Trader thoughts - the long and short of it

SPI futures are indicating a positive start for the ASX200 this morning, following a lacklustre end to the week for the Australian share-market.

bg_data_1353383
Source: Bloomberg

Despite managing to sustain early gains of Friday morning, global geopolitical risks proved too much of a headwind for the market, which closed-down 0.1 per cent at 6234. Funnily enough, across the sector map, the ASX didn’t perform too badly, at least on the face of it, with 8 of 11 of the index’s major sectors advancing for the day. However, it was the trade sensitive materials space – courtesy of a broad commodity sell-off – along with the embattled bank stocks that weighed most on the market and caused the ASX’s soft finish to the week.

Wall Street: Wall Street’s fortunes flipped again at the end of last week, with US Shares all falling into line with one another to close trade on Friday. The benchmark S&P 500 finished just shy of 0.5 per cent higher for the session, while the Dow Jones added over 0.5 per cent to recover the week’s losses and end the week flat. The strong reporting season in the US market has been enough to drive the major indices through the worst of the trade-war storm thus far: roughly 85 per cent of the companies that have reported have met or exceeded expectations. As earnings season nears a close, interest will be in how much longer US equities can shake off trade concerns, particularly given the weekend’s escalation from the Chinese.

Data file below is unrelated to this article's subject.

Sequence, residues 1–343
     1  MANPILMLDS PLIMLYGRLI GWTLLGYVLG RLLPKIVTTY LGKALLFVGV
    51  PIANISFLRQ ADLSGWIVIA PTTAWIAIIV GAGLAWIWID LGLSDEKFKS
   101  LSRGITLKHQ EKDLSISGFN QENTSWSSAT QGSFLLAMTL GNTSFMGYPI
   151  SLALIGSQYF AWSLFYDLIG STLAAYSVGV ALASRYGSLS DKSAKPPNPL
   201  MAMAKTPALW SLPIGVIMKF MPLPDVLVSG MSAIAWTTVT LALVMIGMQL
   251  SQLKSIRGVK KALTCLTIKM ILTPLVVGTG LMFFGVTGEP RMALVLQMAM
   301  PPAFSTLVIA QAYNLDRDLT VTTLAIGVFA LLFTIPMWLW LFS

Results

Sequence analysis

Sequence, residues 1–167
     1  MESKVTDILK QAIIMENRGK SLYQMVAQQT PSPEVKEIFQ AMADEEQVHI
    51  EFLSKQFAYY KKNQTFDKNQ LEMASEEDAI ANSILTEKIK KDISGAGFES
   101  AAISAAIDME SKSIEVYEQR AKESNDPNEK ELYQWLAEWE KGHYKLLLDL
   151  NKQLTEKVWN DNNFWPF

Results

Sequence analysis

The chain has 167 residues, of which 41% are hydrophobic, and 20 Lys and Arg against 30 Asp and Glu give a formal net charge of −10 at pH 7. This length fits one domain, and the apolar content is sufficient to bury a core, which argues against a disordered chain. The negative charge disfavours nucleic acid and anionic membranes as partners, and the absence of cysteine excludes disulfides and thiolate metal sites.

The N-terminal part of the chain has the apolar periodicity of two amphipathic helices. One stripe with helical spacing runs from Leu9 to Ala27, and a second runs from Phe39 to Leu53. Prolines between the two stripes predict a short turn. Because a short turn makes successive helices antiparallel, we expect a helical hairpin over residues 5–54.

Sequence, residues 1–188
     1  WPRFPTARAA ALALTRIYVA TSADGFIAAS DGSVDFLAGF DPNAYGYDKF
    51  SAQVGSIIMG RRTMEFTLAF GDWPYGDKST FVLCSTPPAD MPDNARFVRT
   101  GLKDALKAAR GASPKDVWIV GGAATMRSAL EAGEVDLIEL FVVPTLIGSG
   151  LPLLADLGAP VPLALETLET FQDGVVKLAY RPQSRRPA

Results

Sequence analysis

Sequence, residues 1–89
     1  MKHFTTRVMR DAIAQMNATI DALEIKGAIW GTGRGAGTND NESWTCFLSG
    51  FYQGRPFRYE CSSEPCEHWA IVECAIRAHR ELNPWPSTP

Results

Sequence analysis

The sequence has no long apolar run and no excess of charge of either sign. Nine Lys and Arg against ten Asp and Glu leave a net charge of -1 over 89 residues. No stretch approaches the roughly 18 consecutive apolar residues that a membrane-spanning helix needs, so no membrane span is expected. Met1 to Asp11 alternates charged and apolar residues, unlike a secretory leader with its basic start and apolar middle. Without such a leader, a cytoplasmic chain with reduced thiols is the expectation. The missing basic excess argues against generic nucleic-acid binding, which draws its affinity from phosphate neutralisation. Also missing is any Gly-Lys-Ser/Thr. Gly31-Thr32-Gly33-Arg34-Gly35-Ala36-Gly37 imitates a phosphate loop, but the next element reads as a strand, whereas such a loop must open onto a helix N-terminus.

Trade War: The trade war took a nasty turn over the week, following the nervously awaited announcement of the Chinese response to US President Trump’s tariffs on China. In what seems a sign that Chinese officials are not willing to be bullied or compromise their national interests, the Chinese government announced it would be slapping tariffs on an additional $US60b worth of US imports. Though on the face of it this figure is far below the $US200b proposed by the Trump administration, the $US60b represents an equal proportion of total US imports into China that the $US200b covers of total Chinese imports into the US. So far futures markets haven’t noticeably shifted in response to the escalation in tensions; however, as we saw last week, the reactions to these developments can sometimes be delayed. Watch for activity in commodities today, particularly base metals like copper and aluminium, to portend worse things to come.

US NFP: US Non-Farm Payrolls were released on Friday night, and were perhaps one other reason that the trade war escalation was in part ignored. Although the total number of jobs added to the US economy missed the mark — posting a 157k gain against a 191k forecast — previous month’s figure was revised higher, underemployment fell, and wage growth hit expectations. It was the kind of print that share-markets quite like to see: signs of an increasingly tighter labour market, steady but moderate wage growth, and high hiring activity from the corporate sector. The US Dollar managed to sustain its strength on the back of the news, although bond and rates markets failed to demonstrate any noteworthy move.